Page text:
Bagged and Tagged

Philosophy, Society

Society is full of labels. Labels, little tags we attach to people based on their opinions. Labels like "feminist", "socialist", "capitalist", "elitist", what have you. These labels serve a small purpose ? they make it easy at first glance to get a fairly good grasp of what someone thinks based on what we know about that particular label from before ? but labels also come with something I like to call ideological baggage.

I'll use myself as an example. If you wanted, you could probably attach all of the labels mentioned above to me: I don't see why men should be treated differently from women as a base case, I think people in a community need to stick up for each other, I think people should have freedom to own things, and I do consider some people more qualified than others. But I would not refer to myself with any of the labels above, and I would prefer it if others don't either.

Now, why is this? If I think men and women are pretty much equal, doesn't that make me a feminist? In my opinion, it sort of does. But not everyone agrees on that definition. Over the years, with so many people calling themselves feminists, socialists or what have you, these labels have accumulated an enormous amount of ideological baggage; preconceptions about what it means to be a feminist or socialist that not all people who call themselves feminists or socialists agree on.

One can probably pretty safely say that all feminists agree that men and women should be treated equally. But many people take this a bit further, assuming that all feminists are also lesbian man-haters, who hate men and everything they stand for, et cetera. This is, as mentioned in my previous philosophy post, an illicit fallacy ? assuming that just because some members of a group have a certain opinion, everyone does. Now, I don't deny that there are people with some pretty screwy opinions that have called themselves feminists in the past, but to assume that everyone is like that is ridiculous.

Fallacy or not, such mistaken notions are widespread, to the point where calling yourself a feminist or socialist is extremely hazardous. Should you do it anyway, and then try to defend yourself by saying that's not what you meant when someone questions your motives, the discussion will invariably deteriorate into a semantics discussion that doesn't help anyone.

So then, why do people surround themselves with labels like this? Why do people still use them, if they are so volatile? Mainly, it has to do with our need to belong. We're born into a society where people identify themselves by which group they belong to, which social clique they move around in on a daily basis. We've come to a point where people aren't judged on their personal beliefs any more, but rather what association, group, religion, or political party they happen to belong to. Peter C�O Johansson isn't Peter C�O Johansson, he's a socialist-feminist hacker-philosopher, and we all know what they are like, don't we?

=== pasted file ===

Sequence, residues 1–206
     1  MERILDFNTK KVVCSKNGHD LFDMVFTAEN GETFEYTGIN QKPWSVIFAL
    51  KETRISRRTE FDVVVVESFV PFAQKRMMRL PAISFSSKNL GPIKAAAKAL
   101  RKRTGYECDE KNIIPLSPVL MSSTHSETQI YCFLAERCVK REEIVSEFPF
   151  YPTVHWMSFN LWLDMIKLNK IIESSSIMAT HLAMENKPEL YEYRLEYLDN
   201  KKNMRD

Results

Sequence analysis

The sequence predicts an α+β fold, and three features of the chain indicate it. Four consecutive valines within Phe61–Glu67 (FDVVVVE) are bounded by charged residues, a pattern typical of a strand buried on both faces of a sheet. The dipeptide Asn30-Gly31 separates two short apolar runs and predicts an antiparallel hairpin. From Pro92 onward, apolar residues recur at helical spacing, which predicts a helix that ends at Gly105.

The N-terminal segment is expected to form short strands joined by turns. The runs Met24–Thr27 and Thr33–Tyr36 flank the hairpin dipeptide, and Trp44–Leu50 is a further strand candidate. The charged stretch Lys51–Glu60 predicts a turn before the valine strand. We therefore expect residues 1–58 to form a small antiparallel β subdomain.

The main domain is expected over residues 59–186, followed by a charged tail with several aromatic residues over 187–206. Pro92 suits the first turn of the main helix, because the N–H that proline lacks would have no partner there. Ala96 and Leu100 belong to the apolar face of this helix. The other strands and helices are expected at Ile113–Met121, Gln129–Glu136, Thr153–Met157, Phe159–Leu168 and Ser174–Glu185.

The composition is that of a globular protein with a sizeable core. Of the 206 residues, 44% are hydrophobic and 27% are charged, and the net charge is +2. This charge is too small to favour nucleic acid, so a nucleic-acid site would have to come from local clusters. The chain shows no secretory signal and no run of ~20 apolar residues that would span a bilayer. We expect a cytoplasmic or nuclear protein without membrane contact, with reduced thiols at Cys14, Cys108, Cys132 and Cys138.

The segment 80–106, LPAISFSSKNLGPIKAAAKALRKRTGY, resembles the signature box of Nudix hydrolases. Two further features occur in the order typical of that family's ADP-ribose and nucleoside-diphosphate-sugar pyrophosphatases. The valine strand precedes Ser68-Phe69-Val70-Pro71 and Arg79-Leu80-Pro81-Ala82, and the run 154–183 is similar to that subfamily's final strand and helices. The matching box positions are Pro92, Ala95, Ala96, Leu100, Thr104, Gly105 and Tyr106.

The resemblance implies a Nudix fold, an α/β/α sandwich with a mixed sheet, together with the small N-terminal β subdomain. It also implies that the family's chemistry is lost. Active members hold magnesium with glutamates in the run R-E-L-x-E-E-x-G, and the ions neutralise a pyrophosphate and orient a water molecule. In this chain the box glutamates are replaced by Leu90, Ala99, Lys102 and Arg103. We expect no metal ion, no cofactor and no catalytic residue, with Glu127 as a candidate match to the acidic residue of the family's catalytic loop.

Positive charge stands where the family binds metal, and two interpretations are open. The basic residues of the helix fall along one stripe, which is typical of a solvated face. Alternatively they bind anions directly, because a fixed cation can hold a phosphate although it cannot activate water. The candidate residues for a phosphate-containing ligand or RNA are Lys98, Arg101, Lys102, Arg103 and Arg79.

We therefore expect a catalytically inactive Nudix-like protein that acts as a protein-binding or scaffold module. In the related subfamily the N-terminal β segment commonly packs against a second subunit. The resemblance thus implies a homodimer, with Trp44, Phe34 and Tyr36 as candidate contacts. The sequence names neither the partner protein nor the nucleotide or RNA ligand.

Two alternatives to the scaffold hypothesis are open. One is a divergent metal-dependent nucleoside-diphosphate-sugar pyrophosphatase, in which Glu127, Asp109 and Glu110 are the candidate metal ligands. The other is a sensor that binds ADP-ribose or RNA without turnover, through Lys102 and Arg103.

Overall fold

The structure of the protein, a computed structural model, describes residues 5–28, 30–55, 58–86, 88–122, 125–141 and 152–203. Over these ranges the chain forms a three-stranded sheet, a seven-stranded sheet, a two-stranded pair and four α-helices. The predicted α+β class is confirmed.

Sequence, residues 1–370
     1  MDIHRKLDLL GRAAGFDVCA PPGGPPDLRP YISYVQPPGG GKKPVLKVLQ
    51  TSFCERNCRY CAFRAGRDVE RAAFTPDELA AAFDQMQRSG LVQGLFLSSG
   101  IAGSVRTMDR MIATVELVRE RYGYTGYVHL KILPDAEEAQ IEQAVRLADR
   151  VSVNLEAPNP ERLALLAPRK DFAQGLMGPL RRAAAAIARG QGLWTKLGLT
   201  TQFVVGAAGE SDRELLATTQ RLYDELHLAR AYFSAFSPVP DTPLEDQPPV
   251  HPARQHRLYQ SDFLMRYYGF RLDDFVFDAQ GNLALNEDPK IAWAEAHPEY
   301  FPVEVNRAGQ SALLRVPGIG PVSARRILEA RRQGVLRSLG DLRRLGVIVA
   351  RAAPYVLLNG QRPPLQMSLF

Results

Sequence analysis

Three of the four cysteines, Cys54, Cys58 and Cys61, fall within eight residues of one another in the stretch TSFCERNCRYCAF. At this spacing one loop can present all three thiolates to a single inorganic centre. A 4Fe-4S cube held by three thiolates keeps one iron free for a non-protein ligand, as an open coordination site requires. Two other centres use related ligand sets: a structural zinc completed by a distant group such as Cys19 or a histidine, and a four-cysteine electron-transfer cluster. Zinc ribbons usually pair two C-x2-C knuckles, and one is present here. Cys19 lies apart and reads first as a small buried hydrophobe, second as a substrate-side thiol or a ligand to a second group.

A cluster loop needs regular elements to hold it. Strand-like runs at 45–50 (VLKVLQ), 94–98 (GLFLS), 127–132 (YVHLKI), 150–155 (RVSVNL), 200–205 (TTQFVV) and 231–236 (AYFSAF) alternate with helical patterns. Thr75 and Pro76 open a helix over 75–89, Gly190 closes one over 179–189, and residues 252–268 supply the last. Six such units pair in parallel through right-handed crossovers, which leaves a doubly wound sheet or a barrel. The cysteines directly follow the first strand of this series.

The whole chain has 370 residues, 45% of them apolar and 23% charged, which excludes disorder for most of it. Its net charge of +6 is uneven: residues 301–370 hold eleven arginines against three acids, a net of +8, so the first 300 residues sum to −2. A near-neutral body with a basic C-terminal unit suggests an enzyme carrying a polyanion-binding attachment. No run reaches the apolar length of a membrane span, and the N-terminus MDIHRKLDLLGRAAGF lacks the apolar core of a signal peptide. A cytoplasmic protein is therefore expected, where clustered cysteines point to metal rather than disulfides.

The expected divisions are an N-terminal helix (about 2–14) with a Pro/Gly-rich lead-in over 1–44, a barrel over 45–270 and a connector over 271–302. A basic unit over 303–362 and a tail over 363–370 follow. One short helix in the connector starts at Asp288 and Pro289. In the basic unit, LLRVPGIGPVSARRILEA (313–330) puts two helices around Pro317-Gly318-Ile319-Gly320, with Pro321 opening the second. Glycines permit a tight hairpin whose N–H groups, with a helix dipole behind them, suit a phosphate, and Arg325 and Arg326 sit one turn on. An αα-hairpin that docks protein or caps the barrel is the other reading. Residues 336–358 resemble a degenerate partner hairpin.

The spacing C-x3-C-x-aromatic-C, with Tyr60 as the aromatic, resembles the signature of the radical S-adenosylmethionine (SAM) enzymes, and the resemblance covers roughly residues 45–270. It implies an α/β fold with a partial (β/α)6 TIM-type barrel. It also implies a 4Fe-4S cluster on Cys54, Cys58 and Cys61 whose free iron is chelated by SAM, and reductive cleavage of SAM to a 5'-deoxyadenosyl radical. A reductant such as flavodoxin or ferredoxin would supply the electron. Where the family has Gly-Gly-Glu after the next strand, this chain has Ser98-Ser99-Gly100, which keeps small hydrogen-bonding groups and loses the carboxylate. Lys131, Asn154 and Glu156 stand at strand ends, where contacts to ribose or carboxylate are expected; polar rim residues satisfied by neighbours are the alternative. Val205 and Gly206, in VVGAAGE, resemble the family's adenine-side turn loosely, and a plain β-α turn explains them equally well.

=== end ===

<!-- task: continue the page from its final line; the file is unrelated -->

So, we feel a need to belong. The community offers a kind of security, and most important of all: it's a handy way to push the motivation of opinion on to something else than our own person. People who have read up on existentialist philosophy might recognize what I'm about to say. The community lets the person move motivation for his own opinions on to other people of the same clique, thus relieving him of responsibility of his own self; another way to objectify yourself. If you're a socialist rather than a guy who thinks that laborers need to stand up for themselves, you can easily point to other more well-educated people in case someone question you, relieving you of responsibility and the need to think.

Being "independent", not wishing to file yourself into a folder with everyone else who has opinions somewhat like yours, is certainly much harder than succumbing and joining a group. It forces you to actually think about why you believe what you do, forces you to take responsibility for your own thoughts. But it's worth it.

To quote you: " can easily point to other more well-educated people in case someone question you, relieving you of responsibility and the need to think."

But isn't this the case with any quoting, referring to other philosophers, books, etc? I mean, even you pointed at existentialist philosophy here. Are you pointing at other well-educated people in case someone questions this essay?

Or are you not simply writing an essay that others can quote? Or you yourself? Imagine someone writing the following. "It's important to think for yourself and to take responsibility for your own thoughts. If you don't believe me, see X-G's reasoning on his blog."

What I mean is, isn't this simply a manifesto for independent thinkers and thus a paradox, an oxymoron in itself?